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by dr andrew cousins

The Video Art of Francine Germaine Wilson

Francine Germaine-Wilson is one of the most controversial experimental film makers in Britain. Her short films and video art installation pieces have drawn condemnation and commendation in equal measure. She is an ardent feminist and intellectual and she does not shy away from incorporating taboo subjects into her work. Her new exhibition "Menstrually Recycled" is currently showing at the Tate Modern in London. I went to talk to her about her work.

AC: Brian Sewell, the art critic of the Evening Standard, said in his review of ‘Menstrually Recycled’- "Never in my life have I witnessed such a travesty in the name of art. It is so banal, so utterly devoid of wit or imagination (let alone talent) that one is left with the feeling, not so much of an opportunity missed, but more that the opportunity didn’t actually exist in the first place". Does that kind of criticism upset you?
FGW: I think it would if it wasn’t for one thing.

AC: And what would that be?
FGW: The fact that I know that Brian Sewell is a brain-dead old fart whose head is so firmly planted up his own arsehole that he’s in grave danger of ingesting his own pelvis. He wouldn’t recognise true art if it was tattooed onto the inside of his eyelids. In fact, one of the pieces in my exhibition deals with Mr Sewell and his so-called artistic values.

AC: That would be ‘Brian Sewell has a tiny cock’?
FGW: That’s right. It’s a multimedia installation piece. Basically it consists of a bank of video monitors placed around a rabbit hutch. The monitors continually display examples of different works of art while in the cage are two rabbits eating their own droppings. It’s an ironic comment on the state of art criticism in Britain at the beginning of the 21st Century.

AC: It’s certainly divided the critics hasn’t it?
FGW: Yeah, ‘Art Review’ called it, "Powerful and shocking. Like being slapped in the face by your own preconceptions" while the ‘Sunday Times Magazine’ called it, "wank". But that’s the whole point of my work. I want people to be challenged by it. I want to see people running out of the gallery screaming because their brains are about to melt. I think the ultimate ambition is for everyone who comes to see the exhibition ending up needing psychiatric help. They featured it on ‘Newsnight Review’ last week. Mark Lawson is now getting treatment for post-traumatic stress disorder.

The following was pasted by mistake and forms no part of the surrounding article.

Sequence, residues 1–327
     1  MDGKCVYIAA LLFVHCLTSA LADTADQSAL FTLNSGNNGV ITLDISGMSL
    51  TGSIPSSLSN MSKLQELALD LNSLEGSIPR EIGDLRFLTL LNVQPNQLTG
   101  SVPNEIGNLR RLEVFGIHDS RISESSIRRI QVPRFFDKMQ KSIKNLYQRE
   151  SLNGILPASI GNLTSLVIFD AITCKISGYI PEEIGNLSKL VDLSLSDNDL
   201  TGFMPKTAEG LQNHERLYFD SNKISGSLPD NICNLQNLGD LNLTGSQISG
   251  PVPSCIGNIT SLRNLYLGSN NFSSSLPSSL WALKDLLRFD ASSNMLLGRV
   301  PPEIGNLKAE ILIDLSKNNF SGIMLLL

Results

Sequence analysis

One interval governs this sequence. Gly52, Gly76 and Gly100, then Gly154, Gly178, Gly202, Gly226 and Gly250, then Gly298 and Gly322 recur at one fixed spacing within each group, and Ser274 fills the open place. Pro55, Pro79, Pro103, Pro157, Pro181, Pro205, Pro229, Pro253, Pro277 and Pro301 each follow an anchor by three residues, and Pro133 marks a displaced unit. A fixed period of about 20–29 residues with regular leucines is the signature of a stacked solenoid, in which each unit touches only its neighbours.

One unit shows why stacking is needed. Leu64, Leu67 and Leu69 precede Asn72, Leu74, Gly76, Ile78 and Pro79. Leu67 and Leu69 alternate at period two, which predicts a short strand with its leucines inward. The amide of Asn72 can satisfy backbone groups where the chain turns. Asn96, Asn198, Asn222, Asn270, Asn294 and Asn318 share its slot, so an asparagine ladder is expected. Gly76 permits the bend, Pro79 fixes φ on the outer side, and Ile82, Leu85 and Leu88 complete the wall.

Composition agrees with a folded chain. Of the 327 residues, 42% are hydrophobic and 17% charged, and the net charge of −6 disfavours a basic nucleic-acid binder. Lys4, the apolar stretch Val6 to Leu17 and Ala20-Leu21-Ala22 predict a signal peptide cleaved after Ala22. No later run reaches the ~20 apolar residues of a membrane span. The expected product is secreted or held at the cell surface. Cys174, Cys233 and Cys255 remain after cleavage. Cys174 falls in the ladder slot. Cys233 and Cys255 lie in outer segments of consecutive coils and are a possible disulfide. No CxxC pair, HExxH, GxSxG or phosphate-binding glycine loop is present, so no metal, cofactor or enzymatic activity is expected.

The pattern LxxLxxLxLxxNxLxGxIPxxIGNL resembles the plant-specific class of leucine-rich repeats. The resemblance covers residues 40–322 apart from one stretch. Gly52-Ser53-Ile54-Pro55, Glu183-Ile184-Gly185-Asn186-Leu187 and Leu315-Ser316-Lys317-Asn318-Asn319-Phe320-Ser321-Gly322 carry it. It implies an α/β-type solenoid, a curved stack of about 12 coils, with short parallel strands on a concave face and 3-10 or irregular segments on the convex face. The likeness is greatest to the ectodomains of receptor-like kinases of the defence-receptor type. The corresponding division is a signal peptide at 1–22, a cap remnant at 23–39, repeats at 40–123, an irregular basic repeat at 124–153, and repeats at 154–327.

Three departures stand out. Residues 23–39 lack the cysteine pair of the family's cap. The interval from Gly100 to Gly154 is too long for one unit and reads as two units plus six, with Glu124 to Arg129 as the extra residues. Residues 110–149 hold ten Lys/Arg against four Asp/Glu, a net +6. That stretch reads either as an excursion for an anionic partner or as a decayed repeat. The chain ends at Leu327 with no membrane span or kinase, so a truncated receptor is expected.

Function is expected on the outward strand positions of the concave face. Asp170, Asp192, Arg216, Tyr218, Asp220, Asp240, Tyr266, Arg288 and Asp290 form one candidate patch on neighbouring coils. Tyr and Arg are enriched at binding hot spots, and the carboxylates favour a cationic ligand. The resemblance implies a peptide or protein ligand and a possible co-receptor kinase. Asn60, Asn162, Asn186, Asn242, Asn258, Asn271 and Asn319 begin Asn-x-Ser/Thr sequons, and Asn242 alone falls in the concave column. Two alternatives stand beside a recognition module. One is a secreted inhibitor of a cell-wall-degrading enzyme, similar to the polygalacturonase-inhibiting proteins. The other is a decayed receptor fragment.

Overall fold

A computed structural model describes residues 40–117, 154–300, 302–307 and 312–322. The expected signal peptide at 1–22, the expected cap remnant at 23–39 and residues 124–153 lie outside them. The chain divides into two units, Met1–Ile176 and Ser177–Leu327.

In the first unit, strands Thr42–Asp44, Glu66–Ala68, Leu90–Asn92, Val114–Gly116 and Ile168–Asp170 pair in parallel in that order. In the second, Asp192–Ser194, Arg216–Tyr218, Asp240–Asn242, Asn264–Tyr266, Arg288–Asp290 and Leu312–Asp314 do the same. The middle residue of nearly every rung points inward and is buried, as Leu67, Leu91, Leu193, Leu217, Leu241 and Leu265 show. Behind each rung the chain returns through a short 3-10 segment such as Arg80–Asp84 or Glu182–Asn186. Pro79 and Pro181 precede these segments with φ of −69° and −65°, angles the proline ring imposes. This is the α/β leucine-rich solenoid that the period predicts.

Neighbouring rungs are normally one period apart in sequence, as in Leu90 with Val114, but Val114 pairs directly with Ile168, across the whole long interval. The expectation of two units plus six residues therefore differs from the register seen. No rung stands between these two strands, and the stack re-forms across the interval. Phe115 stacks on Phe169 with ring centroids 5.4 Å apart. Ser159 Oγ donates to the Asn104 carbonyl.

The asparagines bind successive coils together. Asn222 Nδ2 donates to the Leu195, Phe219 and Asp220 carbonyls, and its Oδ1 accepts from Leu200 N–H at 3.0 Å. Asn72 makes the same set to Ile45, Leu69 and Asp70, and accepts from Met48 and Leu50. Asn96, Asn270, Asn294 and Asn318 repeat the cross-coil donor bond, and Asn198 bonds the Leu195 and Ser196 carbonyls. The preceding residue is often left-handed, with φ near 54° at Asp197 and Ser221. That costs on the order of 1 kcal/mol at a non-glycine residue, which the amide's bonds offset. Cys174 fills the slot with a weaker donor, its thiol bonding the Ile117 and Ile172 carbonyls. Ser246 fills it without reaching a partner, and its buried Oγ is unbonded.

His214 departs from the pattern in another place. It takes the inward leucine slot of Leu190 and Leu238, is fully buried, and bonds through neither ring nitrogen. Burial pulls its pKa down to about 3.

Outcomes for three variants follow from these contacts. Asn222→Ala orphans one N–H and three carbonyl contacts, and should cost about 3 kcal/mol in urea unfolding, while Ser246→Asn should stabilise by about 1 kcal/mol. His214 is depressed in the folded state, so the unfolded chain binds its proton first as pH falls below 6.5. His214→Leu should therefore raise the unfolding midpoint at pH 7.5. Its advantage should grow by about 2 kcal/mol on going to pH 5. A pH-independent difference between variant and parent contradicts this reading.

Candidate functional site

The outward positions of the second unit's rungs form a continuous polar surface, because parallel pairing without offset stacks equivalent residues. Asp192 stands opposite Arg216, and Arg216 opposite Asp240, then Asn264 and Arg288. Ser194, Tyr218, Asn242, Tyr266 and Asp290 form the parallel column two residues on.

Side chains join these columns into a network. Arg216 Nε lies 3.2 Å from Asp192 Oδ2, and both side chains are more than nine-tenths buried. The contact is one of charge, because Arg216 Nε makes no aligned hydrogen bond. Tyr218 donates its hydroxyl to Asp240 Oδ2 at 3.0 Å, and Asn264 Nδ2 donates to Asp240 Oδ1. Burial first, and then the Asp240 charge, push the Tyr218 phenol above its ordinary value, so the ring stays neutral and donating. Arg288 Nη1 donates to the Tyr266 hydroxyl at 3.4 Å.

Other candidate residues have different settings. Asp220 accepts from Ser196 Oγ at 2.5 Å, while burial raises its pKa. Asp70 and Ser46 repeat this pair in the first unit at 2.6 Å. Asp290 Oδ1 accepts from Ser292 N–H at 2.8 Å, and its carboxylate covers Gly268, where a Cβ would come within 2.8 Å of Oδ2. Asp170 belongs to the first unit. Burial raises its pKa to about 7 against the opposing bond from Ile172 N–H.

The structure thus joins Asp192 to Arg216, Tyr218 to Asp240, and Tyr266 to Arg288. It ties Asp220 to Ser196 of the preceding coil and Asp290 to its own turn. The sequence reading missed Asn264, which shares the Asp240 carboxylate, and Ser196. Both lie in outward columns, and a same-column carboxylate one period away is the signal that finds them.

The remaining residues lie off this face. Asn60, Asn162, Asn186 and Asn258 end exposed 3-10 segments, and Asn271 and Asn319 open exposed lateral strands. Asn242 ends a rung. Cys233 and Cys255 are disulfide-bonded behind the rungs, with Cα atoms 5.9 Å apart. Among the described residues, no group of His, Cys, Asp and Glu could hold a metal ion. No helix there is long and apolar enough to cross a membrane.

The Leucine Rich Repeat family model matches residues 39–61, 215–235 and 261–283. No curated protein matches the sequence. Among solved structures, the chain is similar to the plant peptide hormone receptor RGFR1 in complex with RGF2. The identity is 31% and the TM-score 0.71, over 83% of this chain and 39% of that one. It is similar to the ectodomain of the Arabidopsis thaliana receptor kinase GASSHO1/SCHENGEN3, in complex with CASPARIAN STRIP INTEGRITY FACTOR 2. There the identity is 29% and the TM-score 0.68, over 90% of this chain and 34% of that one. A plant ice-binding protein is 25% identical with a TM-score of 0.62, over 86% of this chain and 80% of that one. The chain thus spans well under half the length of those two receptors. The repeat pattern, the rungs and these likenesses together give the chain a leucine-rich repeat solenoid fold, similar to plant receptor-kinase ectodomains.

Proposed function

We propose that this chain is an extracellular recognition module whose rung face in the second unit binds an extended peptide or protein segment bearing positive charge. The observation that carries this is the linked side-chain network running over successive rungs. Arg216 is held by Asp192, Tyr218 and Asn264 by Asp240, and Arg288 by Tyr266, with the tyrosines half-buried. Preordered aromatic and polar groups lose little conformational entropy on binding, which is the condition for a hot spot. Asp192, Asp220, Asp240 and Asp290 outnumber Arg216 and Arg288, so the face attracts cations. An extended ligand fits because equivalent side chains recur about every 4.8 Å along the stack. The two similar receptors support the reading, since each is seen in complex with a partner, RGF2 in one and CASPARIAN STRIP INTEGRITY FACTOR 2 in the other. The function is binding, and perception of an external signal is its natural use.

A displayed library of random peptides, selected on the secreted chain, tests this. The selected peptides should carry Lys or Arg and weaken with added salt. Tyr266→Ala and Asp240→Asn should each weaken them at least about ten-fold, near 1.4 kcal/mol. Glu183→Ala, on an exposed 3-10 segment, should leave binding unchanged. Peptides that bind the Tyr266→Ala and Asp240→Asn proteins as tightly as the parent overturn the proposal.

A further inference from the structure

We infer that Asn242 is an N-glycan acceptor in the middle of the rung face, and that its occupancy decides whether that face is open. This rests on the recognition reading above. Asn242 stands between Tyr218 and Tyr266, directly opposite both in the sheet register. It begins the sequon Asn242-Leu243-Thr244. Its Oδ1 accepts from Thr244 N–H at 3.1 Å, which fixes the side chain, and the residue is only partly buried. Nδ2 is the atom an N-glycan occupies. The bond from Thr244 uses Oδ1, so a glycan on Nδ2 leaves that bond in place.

AC: Your work is made up almost entirely of film and video pieces. Why did you choose that as your medium?
FGW: It has an immediacy to it. It’s real. It’s now. It’s also very organic but technological at the same time. I hate canvas. It’s a dead medium as far as I’m concerned. To me there’s no difference between a painting and a slogan on a t-shirt or a bumper sticker on a car. ‘The Haywain’ is as meaningless as "Honk if you bonk" or "My other car is a Batmobile". The ‘Mona Lisa’ might as well be a large picture of Craig Charles' fat ugly grinning face plastered over a quote from ‘Red Dwarf’ on a spotty teenagers chest. It’s all dead, lifeless. Film is like a living thing. It changes and evolves. Unless it’s ‘Red Dwarf’ – that just recycled the same jokes over and over again after series three. There wasn’t much that evolved there.